I hope my approach is correct anyway; Let N = total no of digits with different individual digits N= 2x9x8 = 144 no of even = no of odds = 72. (D)
_________________
KUDOS me if you feel my contribution has helped you.



Intern
Joined: 26 Apr 2010
Posts: 5

Re: M25#20 [#permalink]
Show Tags
03 Jul 2010, 16:52
1
This post received KUDOS
I just used slot method: 2 choices for the hundreds digit (8 or 9), 9 choices for the tens digit (0,1,2,3,4,5,6,7, 8 or 9), and 4 choices for the tens digit (1 or 9, 3 or 9, 5 or 9 , 7 or 9) = 2 x 9 x 4 = 72.



Manager
Joined: 20 Dec 2010
Posts: 247
Schools: UNC Duke Kellogg

Re: M25#20 [#permalink]
Show Tags
02 Jul 2011, 07:40
Between 800 and 899  (1)*(8)*(5) = 40 (units place  1,3,5,7,9) Between 900 and 999  (1)*(8)*(4) = 32 (units place  1,3,5,7)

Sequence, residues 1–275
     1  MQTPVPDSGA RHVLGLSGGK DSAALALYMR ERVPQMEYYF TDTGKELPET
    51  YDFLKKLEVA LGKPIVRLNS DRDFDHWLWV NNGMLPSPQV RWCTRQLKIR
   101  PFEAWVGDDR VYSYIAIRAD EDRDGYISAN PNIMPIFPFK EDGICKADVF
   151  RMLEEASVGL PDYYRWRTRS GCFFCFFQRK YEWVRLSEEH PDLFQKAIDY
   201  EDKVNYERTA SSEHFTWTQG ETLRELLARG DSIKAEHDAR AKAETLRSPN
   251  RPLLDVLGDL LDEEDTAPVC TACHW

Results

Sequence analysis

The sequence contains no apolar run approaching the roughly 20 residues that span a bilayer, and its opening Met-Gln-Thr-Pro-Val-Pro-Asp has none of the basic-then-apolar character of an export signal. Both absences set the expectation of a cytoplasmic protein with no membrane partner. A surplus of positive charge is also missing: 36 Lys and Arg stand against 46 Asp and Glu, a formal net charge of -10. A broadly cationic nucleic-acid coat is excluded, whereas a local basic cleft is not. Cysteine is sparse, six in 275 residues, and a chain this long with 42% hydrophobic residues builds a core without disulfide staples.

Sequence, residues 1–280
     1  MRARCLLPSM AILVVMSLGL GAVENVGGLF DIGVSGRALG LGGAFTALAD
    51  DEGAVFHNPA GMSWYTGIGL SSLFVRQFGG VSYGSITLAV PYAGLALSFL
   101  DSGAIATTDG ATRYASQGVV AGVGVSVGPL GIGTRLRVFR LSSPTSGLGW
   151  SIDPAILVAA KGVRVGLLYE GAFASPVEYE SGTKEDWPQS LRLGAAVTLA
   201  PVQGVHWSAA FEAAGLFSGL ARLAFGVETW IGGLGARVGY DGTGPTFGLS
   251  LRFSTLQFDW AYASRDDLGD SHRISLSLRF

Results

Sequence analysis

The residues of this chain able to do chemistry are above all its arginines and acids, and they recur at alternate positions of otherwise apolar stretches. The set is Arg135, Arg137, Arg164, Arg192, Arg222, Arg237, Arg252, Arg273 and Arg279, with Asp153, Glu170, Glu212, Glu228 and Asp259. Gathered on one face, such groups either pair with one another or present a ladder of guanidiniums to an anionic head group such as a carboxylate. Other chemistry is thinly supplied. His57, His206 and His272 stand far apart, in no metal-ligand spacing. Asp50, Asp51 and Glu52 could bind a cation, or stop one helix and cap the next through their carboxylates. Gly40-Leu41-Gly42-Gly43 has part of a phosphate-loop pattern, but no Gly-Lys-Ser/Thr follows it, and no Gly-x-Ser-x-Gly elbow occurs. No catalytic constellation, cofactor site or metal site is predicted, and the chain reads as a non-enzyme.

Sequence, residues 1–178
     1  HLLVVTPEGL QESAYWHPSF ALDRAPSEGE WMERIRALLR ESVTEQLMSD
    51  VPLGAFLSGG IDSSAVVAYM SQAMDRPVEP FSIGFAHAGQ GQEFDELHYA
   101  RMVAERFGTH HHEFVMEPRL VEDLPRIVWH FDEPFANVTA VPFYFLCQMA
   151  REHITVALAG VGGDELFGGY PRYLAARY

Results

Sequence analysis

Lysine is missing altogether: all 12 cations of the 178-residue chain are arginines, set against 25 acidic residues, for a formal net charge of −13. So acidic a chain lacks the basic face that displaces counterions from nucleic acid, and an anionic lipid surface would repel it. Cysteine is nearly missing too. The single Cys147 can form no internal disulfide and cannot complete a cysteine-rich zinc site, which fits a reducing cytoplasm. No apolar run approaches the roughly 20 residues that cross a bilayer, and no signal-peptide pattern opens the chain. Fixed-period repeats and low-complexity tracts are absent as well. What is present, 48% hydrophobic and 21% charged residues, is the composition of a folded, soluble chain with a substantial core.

72



Manager
Joined: 11 Jul 2009
Posts: 167
WE: Design (Computer Software)

Re: M25#20 [#permalink]
Show Tags
03 Jul 2011, 06:11
first digit can be selected from (8,9) in 2 ways second distinct digit can be selected from (0,1,2,3,4,5,6,7,8,9) in 9 ways since one digit is already selected Third distinct digit can be selected from (0,1,2,3,4,5,6,7,8,9) in 8 ways since two digits are already selected . So total number of ways digits can be slected is 2*8*9 But we need to consider odd number of digits so (2*8*9)/2=72 SO...ANSWER is C
_________________
Kaustubh



Math Expert
Joined: 02 Sep 2009
Posts: 39656

Re: M25#20 [#permalink]
Show Tags
26 Mar 2012, 08:20
5
This post received KUDOS
Expert's post
2
This post was BOOKMARKED